4. Invest in a great weekly planner

I wasted so many post-it notes on my mirrors trying to remind myself of study group times, test dates, and even my class schedule. Make life easier on yourself and leave it all in one place, i.e. your planner.

Take it wherever you go and have enough space to add notes, file papers, and create color tab reminders for each class you take. You can even add in times to remind yourself to call your parents. Trust me, they WILL appreciate the gesture.

Here are some of our favorites:

         

5. Make a friend in every class

When was the last time you asked someone to be your friend? I bet you were on a playground! This is your opportunity to spread your wings and become friends with any and all people… not just your clique.

Making friends in college and in your classes can be more than just purely social, though. Becoming buddies for study sessions, note sharing, or for a class debrief if you are absent are important ways to stay up to date with curriculum.

6. Download the EverNote App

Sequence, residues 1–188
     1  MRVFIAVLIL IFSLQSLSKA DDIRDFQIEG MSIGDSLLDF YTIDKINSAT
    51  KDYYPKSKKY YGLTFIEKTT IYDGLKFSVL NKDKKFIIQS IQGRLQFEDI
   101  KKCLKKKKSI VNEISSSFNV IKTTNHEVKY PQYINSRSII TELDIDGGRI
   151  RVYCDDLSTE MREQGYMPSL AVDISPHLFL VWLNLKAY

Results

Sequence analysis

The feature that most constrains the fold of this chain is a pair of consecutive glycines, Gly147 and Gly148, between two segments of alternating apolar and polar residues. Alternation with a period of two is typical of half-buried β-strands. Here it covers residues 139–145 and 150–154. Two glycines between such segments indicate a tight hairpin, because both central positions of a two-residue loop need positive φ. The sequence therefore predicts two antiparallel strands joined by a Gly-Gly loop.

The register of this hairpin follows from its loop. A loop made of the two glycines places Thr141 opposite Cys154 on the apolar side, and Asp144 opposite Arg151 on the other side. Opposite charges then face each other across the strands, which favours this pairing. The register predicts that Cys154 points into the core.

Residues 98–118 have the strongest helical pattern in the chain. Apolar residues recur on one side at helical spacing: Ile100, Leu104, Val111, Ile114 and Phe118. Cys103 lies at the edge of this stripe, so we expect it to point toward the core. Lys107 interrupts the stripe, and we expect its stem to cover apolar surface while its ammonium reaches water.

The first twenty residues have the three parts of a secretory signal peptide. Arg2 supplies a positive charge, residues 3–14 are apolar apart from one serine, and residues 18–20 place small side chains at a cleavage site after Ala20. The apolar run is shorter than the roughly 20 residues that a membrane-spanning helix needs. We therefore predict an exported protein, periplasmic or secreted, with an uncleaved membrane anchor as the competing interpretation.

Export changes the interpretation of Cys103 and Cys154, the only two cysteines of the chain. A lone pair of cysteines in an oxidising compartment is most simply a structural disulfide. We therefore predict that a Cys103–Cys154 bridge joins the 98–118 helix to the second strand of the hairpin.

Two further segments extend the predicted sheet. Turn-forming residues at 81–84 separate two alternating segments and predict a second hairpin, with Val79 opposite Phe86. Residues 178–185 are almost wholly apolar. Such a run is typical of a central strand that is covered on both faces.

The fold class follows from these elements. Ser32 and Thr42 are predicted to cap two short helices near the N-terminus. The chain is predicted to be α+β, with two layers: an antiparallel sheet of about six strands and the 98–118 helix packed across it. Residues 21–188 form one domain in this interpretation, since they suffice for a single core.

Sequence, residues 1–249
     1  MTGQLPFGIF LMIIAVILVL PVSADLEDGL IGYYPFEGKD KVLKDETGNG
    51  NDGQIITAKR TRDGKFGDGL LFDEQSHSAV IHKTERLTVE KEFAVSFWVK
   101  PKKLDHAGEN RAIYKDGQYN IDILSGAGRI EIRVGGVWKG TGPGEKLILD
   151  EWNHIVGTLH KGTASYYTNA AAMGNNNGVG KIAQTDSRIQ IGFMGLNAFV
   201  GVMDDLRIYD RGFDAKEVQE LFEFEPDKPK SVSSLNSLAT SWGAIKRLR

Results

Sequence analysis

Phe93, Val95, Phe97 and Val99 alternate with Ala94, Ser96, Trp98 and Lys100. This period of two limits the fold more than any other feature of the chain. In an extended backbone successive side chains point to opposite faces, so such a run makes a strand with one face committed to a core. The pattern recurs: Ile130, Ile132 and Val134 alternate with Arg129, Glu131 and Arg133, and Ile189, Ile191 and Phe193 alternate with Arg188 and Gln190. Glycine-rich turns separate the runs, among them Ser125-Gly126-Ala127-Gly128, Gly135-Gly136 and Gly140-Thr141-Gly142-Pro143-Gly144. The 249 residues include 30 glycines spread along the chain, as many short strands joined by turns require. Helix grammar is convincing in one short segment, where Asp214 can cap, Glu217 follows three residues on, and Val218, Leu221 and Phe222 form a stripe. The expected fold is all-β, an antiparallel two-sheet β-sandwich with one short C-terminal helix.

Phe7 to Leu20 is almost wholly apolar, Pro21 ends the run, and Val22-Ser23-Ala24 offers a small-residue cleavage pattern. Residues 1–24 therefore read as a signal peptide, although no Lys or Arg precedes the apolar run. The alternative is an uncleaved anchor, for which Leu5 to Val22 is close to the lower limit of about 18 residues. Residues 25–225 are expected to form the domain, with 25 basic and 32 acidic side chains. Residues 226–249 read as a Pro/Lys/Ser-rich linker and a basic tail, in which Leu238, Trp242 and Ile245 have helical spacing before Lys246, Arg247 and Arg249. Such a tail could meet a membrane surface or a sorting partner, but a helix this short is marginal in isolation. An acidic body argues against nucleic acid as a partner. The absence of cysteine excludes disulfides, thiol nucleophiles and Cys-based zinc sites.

EverNote is one of MANY study aid apps that are available for a deep discount. Other apps are even free. EverNote helps you download, organize, track, and store all of your notes in one place. There are even options for attachments, audio notes, and more.

Check out College Choice’s 15 best study apps for college students. You will find one that will work for your study habits and budget.

EverNote

7. Buy your dorm essentials ahead of time

Yes, there are instances where you will note you’ve forgotten small items like hangers, desk organizers, or a white erase board. However, there are big items like bed raisers, storage bins, rugs, and sheets that actually for you don’t want to forget.

We created an essentials list specifically for this reason! We had so many students and parents give us advice and insight on items they forgot and wished they brought you don’t want to miss.

Read through our Dorm move-in essentials list here.

Dormify

8. Read your syllabus, twice

A huge mistake I made was not compiling each syllabus and writing down major due dates, test dates, and office hours right off the bat in my planner. I ended up having to ruffle through my paperwork and re-write or check over events and dates that were important.

You *should* get your course syllabus on the first day of your class. Some teachers will send them out via email earlier, just depends on their style!

9. Don’t hide in your dorm